Paediatric home ventilatory support: The Auckland experience
Article first published online: 25 NOV 2005
Journal of Paediatrics and Child Health
Volume 41, Issue 12, pages 652–658, December 2005
How to Cite
Edwards, E., Hsiao, K. and Nixon, G. (2005), Paediatric home ventilatory support: The Auckland experience. Journal of Paediatrics and Child Health, 41: 652–658. doi: 10.1111/j.1440-1754.2005.00753.x
- Issue published online: 25 NOV 2005
- Article first published online: 25 NOV 2005
- Accepted for publication 25 May 2005.
- home ventilation;
- non-invasive ventilation;
Objectives: To examine the trend over time, describe the disease categories treated, intervention success and outcomes of the children treated at home with continuous positive airway pressure (CPAP), non-invasive ventilation (NIV) and ventilation via tracheostomy (invasive ventilatory support, IVS) by the Respiratory Service at the Starship Children's Hospital in Auckland.
Methods: A retrospective review was undertaken of the Respiratory Service records from November 1991 to February 2004.
Results: Home CPAP, NIV or IVS was initiated in 160 children (89 boys, median age 6 years) in the study period. Sixty-nine (46 boys) remain on support and are still actively managed by the Starship Respiratory Service, of whom 46% live outside the Greater Auckland Region. Despite 42% of children being less than 5 years of age at initiation of therapy, institution of support failed in only 11%. The majority received treatment by non-invasive mask interface (68% (n = 108) CPAP, 29% (n = 47) NIV), with only 3% (n = 5) supported via tracheostomy. The numbers and complexity of support rose over the 12 years. Respiratory support was discontinued in 57% of cases, after a median of 12.5 months (range 3–52 months); in two-thirds, support was no longer required due to an improvement in the medical condition. The most common indication for support in current patients is respiratory parenchymal or airway disease followed by neuromuscular disease. Obesity is not a common indication.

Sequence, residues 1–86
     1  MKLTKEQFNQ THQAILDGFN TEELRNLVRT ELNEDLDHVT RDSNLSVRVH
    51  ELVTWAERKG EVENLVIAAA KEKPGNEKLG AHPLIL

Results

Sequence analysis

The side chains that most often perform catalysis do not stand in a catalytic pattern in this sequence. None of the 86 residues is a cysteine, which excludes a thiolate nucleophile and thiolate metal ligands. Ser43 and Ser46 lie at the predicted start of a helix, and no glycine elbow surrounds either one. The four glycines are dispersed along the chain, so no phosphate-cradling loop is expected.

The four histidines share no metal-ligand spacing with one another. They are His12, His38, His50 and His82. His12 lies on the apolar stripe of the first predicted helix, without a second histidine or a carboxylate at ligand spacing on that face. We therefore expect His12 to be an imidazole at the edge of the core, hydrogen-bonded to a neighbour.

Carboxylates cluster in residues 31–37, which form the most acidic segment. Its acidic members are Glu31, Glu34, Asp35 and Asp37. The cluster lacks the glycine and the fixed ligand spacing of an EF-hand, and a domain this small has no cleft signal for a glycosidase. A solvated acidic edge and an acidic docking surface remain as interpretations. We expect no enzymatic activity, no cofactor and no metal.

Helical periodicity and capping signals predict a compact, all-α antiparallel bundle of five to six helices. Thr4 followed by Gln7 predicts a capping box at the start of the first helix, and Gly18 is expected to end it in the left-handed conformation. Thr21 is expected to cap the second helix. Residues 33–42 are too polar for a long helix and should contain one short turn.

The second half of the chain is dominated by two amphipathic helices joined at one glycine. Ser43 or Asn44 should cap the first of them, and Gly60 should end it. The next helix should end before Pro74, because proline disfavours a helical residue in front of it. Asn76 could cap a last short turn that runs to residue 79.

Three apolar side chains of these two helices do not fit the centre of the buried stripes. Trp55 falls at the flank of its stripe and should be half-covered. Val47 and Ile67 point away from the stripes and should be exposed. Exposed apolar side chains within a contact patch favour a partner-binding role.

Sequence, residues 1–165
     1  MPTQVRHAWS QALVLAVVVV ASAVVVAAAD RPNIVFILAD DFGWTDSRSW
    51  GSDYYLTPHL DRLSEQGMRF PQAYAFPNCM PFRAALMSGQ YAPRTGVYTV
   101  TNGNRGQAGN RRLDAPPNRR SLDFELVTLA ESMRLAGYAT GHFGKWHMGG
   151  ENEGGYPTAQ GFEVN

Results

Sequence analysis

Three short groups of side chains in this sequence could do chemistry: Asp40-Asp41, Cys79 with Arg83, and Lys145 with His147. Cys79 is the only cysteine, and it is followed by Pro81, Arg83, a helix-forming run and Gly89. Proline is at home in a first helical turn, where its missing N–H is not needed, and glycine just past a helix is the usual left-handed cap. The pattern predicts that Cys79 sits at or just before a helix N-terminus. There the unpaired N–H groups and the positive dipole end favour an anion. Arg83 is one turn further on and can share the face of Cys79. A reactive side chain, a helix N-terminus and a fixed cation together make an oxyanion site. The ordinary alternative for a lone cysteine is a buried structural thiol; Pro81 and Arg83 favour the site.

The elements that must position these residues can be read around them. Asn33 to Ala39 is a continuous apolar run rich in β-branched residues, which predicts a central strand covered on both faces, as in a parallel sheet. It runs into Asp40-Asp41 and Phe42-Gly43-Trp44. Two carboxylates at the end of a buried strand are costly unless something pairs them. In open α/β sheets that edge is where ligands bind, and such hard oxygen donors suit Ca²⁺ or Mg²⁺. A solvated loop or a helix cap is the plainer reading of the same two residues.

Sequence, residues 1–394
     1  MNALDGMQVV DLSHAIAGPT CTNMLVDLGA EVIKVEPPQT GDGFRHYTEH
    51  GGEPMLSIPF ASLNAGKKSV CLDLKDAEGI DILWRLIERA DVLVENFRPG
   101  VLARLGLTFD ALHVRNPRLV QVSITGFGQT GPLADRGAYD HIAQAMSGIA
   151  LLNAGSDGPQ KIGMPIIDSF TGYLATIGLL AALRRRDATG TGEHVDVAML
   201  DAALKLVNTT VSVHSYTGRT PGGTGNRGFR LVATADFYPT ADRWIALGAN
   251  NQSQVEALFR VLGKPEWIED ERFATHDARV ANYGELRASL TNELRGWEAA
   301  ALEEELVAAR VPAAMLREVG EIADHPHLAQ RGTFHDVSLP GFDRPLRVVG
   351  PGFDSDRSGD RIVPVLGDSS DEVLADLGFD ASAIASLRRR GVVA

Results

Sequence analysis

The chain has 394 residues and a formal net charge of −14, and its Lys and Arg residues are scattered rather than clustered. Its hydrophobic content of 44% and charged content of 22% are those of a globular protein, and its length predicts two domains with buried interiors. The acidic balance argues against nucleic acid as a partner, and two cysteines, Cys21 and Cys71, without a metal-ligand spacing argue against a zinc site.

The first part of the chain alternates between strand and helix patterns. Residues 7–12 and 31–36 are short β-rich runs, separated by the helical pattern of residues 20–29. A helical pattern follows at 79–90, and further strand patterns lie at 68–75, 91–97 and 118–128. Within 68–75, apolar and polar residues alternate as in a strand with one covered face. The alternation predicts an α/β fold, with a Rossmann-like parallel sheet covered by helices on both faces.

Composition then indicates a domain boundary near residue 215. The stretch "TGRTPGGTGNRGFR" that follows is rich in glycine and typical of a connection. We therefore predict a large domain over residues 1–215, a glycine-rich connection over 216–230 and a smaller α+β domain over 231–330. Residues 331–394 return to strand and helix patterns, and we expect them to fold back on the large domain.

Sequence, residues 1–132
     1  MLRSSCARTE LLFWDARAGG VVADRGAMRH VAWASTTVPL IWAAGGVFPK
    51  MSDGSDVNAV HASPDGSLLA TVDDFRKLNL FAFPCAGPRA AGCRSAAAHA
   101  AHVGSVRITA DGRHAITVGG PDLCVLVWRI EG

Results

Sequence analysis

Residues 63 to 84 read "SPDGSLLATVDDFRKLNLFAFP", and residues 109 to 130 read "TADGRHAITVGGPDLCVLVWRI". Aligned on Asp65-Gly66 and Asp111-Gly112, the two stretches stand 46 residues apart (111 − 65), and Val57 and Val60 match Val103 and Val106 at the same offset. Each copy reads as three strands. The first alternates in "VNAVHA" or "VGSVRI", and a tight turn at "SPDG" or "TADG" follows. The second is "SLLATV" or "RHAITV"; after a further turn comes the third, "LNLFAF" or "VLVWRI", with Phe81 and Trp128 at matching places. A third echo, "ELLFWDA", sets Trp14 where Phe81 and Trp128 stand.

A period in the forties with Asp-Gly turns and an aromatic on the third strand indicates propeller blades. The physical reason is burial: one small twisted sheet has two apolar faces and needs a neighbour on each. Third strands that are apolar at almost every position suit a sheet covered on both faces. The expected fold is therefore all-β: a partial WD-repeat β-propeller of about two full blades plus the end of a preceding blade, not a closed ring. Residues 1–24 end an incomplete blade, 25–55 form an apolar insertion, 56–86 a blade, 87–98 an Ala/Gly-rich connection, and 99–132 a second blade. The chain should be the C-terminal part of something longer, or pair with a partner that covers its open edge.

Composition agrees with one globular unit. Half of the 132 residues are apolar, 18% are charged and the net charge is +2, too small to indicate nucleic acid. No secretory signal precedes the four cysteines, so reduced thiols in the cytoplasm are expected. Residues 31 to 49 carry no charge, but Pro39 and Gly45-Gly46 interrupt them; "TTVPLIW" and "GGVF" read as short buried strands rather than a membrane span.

Conclusion: This review documents the increasing trend in children receiving respiratory support at home. Future planning and resources are needed to address this growing need.